MUNICIPALITY OF WALVIS BAY
YOUR OASIS OF OPPORTUNITIES
The fishing industry is the cornerstone of the city’s economy. With more than 50 years in existence the fishing industry has developed into a leading force in the world’s fish supply market. Locally, the industry creates approximately 8,000 jobs and generates 10% of the country’s GDP. With more than 2 kilometres of landing quays, cold storage, processing and canning facilities the fishing industry continues to play an important roll in the development of Walvis Bay.
High value fish and related products are processed for export purposes to niche markets in Europa, Australia, the United States and Hong Kong. 90% of the hake caught and processed is exported to the Spanish markets. Other fish species caught commercially include pilchards, anchovy, tuna, orange roughy, monk, sole, horse-mackerel and other demersal species.
The 3,500 hectare Walvis Bay salt field is one of the largest solar evaporation facilities in Africa, processing 24 million tonnes of sea water each year to produce more than 700,000 tonnes of high quality salt. The refinery recently installed the first robotic arm in the country which will drastically cut down on production time. Salt is shipped to markets in southern and west Africa. Walvis Bay Salt Refiners is also a commercial producer of high-quality oysters supplied to customers throughout southern Africa. The exploration for oil and gas along the Namibian Coast continues. If deposits were found, it would have a positive impact on Walvis Bay’s economy.
With the need for ship repair and maintenance well equipped engineering firms with a high degree of expertise have emerged to provide a wide range of services to the fishing and other industries. This has also spawned a wide range of other support industries such as shipping insurance, construction, cargo transport and retail services.
The Municipality of Walvis Bay has started to facilitate and promote the development of the informal trade and manufacturing industries. This includes providing training to start-up small and medium businesses (SMEs). The primary objective is to reduce the dependency of the local economy on the fishing sector, and to assist small traders to develop their businesses into fully fledged enterprises with the potential of exporting their products.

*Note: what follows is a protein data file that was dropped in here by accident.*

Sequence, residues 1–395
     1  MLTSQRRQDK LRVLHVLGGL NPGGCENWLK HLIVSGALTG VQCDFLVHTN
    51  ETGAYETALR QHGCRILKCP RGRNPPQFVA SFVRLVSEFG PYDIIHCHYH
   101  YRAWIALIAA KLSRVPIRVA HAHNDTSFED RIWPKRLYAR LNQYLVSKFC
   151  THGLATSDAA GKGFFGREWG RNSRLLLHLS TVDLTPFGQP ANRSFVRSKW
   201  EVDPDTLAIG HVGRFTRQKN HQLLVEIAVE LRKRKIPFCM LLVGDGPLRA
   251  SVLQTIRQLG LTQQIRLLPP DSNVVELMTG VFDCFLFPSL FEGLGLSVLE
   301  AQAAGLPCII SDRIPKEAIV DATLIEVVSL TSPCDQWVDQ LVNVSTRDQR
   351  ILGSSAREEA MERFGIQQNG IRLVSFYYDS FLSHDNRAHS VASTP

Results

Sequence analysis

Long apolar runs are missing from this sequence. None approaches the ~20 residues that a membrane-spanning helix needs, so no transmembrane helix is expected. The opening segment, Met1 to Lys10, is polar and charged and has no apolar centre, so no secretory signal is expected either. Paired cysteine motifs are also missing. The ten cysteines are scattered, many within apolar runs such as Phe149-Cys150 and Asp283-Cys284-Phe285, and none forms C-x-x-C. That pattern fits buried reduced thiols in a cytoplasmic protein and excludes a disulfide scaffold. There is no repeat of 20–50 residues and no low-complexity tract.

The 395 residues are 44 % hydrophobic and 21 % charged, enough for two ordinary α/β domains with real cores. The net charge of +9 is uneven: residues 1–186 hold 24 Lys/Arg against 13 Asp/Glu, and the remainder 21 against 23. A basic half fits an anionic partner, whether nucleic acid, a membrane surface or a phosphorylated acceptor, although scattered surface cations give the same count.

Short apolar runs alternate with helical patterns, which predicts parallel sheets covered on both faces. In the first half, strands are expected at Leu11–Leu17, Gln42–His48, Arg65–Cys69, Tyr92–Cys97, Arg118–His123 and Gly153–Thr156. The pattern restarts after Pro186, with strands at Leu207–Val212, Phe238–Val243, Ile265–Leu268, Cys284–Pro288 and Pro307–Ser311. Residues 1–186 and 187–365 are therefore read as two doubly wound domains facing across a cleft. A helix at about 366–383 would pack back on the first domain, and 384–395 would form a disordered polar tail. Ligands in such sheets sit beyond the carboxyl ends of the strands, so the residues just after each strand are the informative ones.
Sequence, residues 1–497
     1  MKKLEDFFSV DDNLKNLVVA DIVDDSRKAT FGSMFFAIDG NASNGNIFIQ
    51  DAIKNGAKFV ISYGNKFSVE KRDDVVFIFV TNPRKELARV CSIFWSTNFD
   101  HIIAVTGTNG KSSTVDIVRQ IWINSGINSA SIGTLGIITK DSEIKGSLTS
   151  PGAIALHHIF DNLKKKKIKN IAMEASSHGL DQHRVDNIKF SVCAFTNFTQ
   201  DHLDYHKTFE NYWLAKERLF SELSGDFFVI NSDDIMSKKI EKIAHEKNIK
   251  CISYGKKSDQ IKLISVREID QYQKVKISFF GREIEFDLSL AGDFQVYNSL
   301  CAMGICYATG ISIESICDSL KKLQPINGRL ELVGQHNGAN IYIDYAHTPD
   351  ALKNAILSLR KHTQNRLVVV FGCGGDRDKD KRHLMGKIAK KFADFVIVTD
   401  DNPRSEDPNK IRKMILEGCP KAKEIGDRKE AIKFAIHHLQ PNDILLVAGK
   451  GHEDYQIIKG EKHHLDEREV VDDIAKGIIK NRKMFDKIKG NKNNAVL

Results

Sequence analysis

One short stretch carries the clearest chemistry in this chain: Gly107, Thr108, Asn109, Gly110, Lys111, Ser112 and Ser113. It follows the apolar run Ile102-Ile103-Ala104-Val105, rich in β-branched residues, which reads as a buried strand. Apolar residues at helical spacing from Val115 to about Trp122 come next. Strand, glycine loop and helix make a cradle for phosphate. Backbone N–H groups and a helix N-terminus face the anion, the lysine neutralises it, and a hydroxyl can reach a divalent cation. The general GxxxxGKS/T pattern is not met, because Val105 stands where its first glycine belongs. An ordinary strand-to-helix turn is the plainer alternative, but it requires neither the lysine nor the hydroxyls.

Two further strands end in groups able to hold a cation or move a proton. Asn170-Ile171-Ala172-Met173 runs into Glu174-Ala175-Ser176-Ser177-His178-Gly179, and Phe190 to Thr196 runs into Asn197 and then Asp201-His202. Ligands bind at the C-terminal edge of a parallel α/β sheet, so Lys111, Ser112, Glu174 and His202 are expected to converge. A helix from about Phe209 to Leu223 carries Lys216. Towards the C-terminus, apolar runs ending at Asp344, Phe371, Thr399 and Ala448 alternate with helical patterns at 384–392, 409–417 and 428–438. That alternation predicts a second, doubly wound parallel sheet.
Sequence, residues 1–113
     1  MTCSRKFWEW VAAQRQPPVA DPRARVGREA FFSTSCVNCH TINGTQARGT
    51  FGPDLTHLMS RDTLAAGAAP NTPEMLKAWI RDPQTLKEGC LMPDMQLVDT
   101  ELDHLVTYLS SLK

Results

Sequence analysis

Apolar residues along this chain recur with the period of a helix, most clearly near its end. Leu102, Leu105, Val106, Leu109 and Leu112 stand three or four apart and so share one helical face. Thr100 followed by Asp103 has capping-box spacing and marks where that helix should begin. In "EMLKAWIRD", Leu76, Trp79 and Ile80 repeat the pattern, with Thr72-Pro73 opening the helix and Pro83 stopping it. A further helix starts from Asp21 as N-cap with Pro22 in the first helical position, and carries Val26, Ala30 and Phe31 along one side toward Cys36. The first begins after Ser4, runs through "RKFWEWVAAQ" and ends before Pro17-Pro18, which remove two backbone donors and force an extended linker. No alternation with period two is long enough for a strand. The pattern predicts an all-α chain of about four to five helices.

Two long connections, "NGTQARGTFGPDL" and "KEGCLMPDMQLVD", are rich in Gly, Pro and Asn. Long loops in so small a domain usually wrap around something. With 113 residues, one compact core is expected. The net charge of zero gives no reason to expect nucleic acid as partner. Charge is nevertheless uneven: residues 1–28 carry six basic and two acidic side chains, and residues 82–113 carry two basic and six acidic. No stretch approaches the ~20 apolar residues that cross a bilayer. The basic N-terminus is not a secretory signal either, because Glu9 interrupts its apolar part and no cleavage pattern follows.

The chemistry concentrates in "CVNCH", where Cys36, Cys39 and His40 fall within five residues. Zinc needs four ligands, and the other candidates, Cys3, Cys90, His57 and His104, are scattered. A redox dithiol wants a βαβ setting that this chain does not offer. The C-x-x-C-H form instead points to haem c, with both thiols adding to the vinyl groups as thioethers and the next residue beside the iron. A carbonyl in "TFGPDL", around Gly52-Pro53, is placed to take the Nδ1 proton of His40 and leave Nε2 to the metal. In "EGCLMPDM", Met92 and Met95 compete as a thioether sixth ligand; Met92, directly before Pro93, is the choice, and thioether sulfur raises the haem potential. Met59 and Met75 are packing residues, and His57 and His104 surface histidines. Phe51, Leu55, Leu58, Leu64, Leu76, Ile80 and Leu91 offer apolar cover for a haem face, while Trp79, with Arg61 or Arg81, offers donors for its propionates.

The main manufacturing activities take place within the Export Processing Zone. The EPZ companies are involved in the manufacturing of plastic products, automotive parts, fishing accessories, bathroom fittings and diamond cutting and polishing. Not only does the EPZ develop the country’s manufacturing industry but creates much needed employment.
Another emerging sector is tourism. To keep up with one of the fastest growing industries worldwide, Walvis Bay has upgraded its facilities and tourist attractions. The local accommodation and tour institutions now offer a high degree of quality services on par with international standards. This market has also contributed to the creation of more employment and the development of the city.
Walvis Bay has a natural deep-water harbour and offers an efficient and economical option for cargo transshipment between African, European and American trade markets. By using the port of Walvis Bay exporters and importers within the region are guaranteed a saving of at least eight to ten days when shipping to and from these markets. Rated as number one in Africa for efficiency and quality by the Africa Competitiveness Report, the port is capable of handling more than 6 million tonnes of cargo for export and import purposes.